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“Danny Bearden, a young man charged with breaking into a trailer. Bearden was fined several hundred dollars, but then he lost his factory job. He knocked on neighbors' doors asking to mow lawns. When he couldn't pay the rest of his fines, he was sent to jail. In Bearden, the Supreme Court ruled that judges can't send someone to jail simply because they're too poor to pay their court debt, only if the person had the ability to pay but had willfully refused.”
“NPR looked at courts around the country and found in the three decades since Bearden, there's been an explosion in the use of fines and fees. Services long considered free now carry a charge, sometimes hundreds of dollars. NPR reviewed the laws in 50 states. Forty-three states now allow people to be charged for their public defender. When someone goes to jail, they can be charged room and board in 41 states.
When they're assigned a probation or parole officer, in 44 states they can be charged for that too. We also found wide variation in how judges determine who's too poor to pay, and so every day, all around the country, poor people go to jail because they can't come up with the money.”
We've been learning about the growing practice of charging criminal defendants fees to fund the justice system. An NPR investigation finds defendants and offenders are charged fees at every step of the system, from the courtroom to jail, even probation. Some say this practice violates the constitutional rights of the poor.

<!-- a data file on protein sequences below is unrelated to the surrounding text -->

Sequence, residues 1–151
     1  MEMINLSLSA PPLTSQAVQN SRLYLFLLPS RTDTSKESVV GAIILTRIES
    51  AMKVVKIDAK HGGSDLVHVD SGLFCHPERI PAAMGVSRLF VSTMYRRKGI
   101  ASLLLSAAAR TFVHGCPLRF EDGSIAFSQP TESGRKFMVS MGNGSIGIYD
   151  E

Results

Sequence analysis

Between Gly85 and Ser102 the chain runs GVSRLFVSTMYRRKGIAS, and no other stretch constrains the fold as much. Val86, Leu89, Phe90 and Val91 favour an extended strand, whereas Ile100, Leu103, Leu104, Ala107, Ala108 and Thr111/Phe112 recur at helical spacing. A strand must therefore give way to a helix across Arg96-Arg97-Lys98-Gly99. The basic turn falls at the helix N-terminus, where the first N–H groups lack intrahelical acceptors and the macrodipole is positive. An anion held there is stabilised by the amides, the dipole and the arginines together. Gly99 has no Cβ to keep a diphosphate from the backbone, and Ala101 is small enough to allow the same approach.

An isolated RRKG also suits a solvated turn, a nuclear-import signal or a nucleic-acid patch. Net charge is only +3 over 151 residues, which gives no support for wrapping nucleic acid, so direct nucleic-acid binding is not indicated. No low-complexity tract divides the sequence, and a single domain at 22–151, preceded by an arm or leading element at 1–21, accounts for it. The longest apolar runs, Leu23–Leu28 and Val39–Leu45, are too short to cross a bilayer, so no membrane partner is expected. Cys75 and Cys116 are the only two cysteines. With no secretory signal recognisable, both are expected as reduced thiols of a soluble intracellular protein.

In the next part of the series, Guilty and Charged, NPR's Joseph Shapiro goes to New Orleans to look into one fee that may surprise you: The charge for a public defender.
Dinelli estimates a 1,000 people every month are going to jail in Alabama because they cannot afford to pay a fine.
originally posted by: chiefsmom
Wow. Wish I would have known about this.
I can state for a fact, here in MI, my son spent 15 days, because he could not afford his 600+ fine and court cost.
So obviously nobody in the "justice" systems gives a rats behind what the supreme court ruled.
We/They should request community service in lieu of fines. - See more at: www.abovetopsecret.com...